Skip To Main Content University of Washington Department of Rehabilitation Medicine
  Department of Rehabilitation Medicine 
  maximizing potential across the lifespan


Response to Tendon Vibration Questions the Underlying Rationale of Proprioceptive Training


Lubetzky-Vilnai A, McCoy SW, Price R, Kartin D



Publication Info:

Journal of Athletic Training, in press:


CONTEXT: Proprioceptive training on compliant surfaces is used to rehabilitate and prevent ankle sprains. The ability to improve proprioceptive function via such training has been questioned. Achilles tendon vibration is used in motor-control research as a form of proprioceptive stimulus. Using measures of postural steadiness with nonlinear measures to elucidate control mechanisms, tendon vibration can be applied to investigate the underlying rationale of proprioceptive training. OBJECTIVE: To test whether the effect of vibration on young adults' postural control depended on the support surface. DESIGN: Descriptive laboratory study. SETTING: Research laboratory. PATIENTS OR OTHER PARTICIPANTS: Thirty healthy adults and 10 adults with chronic ankle instability (CAI; age range = 18-40 years). INTERVENTION(S): With eyes open, participants stood in bilateral stance on a rigid plate (floor), memory foam, and a Both Sides Up (BOSU) ball covering a force platform. We applied bilateral Achilles tendon vibration for the middle 20 seconds in a series of 60-second trials and analyzed participants' response from previbration to vibration (pre-vib) and from vibration to postvibration (vib-post). MAIN OUTCOME MEASURE(S): We calculated anterior-posterior excursion of the center of pressure and complexity index derived from the area under multiscale entropy curves. RESULTS: The excursion response to vibration differed by surface, as indicated by a significant interaction of P < .001 for the healthy group at both time points and for the CAI group vib-post. Although both groups demonstrated increased excursion from pre-vib and from vib-post, a decrease was observed on the BOSU. The complexity response to vibration differed by surface for the healthy group (pre-vib, P < .001). The pattern for the CAI group was similar but not significant. Complexity changes vib-post were the same on all surfaces for both groups. CONCLUSIONS: Participants reacted less to ankle vibration when standing on the BOSU as compared with the floor, suggesting that proprioceptive training may not be occurring. Different balance-training paradigms to target proprioception, including tendon vibration, should be explored.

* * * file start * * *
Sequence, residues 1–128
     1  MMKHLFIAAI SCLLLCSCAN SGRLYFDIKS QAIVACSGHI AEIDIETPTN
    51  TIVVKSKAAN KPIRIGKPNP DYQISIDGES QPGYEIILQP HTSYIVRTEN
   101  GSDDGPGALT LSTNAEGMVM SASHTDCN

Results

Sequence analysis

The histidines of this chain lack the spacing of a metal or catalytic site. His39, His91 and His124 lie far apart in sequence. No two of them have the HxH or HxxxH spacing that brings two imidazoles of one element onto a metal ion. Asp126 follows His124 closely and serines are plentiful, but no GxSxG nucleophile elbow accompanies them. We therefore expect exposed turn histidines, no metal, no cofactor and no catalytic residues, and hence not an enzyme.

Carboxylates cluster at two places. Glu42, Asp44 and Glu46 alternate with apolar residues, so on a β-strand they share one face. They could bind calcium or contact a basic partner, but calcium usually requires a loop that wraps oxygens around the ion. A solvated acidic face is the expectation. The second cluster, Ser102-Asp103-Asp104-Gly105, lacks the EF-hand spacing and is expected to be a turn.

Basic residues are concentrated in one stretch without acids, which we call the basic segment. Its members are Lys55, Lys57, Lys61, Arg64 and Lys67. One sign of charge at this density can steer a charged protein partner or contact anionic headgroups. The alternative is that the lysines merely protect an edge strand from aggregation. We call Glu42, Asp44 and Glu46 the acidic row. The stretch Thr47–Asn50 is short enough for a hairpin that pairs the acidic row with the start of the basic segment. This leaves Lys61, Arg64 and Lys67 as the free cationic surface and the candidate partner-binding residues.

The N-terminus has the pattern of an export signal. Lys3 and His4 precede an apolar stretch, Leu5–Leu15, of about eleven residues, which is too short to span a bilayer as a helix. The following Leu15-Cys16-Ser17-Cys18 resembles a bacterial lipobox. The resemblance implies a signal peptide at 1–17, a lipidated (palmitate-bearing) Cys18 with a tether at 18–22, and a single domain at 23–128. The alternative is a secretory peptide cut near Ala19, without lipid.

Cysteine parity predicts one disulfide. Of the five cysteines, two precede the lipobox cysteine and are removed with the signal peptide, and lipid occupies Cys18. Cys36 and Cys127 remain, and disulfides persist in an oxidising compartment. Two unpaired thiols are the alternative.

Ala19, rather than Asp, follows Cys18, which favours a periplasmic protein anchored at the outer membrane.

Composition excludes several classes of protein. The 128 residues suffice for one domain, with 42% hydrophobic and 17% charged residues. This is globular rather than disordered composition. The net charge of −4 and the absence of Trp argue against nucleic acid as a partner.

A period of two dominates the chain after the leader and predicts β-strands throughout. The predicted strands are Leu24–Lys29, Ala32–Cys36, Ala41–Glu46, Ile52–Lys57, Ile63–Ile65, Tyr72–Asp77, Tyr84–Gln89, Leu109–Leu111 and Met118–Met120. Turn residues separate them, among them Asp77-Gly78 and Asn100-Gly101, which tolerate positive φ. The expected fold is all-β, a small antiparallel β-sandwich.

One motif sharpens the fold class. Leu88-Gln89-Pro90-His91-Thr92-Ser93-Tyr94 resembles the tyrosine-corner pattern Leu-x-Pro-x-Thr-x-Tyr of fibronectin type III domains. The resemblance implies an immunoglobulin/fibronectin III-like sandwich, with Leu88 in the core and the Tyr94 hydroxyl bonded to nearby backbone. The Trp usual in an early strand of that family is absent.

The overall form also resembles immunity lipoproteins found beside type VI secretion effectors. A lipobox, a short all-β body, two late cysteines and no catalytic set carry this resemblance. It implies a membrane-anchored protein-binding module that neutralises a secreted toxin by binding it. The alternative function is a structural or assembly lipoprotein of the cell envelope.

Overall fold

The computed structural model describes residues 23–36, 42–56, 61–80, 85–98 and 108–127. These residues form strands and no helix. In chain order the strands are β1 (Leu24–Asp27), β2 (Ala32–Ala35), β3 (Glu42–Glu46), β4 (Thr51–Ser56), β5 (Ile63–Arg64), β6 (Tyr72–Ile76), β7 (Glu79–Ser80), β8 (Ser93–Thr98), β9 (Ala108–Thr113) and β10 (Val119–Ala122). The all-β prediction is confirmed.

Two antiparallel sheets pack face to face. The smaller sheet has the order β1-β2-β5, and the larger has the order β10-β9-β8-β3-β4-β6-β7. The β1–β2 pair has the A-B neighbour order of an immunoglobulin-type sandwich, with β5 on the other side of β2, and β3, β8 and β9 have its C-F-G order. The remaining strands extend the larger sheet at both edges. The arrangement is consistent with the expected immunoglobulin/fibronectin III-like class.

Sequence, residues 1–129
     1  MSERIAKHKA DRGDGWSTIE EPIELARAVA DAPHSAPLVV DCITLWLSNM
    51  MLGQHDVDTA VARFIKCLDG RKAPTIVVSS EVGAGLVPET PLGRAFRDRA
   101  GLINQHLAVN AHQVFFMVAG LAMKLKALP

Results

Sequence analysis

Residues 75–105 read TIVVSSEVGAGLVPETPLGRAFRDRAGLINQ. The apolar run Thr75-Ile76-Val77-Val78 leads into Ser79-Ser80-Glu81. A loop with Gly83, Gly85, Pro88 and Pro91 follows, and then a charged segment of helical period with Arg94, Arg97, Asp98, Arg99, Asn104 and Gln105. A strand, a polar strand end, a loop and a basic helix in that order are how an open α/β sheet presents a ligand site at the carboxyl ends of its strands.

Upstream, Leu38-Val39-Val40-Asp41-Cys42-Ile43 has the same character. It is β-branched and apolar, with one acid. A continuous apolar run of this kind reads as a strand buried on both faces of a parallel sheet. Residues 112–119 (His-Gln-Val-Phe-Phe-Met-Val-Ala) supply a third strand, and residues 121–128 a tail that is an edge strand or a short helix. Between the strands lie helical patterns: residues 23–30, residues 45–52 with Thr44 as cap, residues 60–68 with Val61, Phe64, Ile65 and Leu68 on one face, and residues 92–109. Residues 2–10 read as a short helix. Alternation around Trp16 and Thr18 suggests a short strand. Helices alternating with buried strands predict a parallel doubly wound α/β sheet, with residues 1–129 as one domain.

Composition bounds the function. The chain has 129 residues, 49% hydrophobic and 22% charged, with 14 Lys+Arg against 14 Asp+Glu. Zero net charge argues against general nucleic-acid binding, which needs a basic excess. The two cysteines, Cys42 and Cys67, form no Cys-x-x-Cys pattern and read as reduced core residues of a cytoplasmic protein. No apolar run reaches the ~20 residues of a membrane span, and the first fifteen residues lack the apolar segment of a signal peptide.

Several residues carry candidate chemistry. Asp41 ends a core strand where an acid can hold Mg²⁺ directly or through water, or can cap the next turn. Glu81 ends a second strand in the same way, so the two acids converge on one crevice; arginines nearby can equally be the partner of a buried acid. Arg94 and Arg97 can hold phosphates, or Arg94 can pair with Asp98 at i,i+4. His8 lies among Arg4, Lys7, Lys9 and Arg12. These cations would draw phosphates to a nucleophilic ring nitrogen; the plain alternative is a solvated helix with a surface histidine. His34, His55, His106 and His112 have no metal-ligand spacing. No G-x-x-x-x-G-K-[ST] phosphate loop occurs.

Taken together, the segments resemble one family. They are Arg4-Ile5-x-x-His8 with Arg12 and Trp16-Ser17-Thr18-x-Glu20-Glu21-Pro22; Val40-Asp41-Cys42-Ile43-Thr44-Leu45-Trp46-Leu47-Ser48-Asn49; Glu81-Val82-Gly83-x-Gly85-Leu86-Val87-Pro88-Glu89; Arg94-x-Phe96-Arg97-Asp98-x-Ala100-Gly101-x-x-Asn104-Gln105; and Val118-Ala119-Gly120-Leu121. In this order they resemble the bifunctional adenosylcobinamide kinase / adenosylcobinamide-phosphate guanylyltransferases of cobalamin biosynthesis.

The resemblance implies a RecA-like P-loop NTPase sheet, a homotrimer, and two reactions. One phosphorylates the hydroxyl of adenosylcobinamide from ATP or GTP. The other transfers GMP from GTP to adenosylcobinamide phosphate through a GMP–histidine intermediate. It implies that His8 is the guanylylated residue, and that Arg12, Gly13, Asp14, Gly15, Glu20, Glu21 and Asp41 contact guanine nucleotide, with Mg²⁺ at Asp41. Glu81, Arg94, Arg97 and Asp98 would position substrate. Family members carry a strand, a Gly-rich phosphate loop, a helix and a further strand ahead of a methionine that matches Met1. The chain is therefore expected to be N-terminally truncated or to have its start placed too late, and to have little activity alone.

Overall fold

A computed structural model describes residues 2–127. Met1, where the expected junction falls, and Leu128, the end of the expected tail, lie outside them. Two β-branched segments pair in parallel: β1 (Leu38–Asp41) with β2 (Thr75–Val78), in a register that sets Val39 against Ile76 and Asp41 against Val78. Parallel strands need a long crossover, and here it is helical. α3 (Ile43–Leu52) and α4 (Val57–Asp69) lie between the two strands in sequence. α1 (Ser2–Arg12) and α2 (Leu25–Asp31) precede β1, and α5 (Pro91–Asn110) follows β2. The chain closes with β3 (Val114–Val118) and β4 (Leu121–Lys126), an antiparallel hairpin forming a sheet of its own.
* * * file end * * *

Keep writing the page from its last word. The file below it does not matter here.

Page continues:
Link to Article:

Featured Research Articles

Traumatic Brain Injury

View the latest research articles on Traumatic Brain Injury written by faculty from the Department of Rehabilitation Medicine.

Volunteer to Participate in our Research Studies

The Department of Rehabilitation Medicine is looking for volunteers to participate in research studies on Multiple Sclerosis & Pain Management, and Traumatic Brain Injury.

Level A conformance icon, 
          W3C-WAI Web Content Accessibility Guidelines 1.0
Copyright © 2000-2018 University of Washington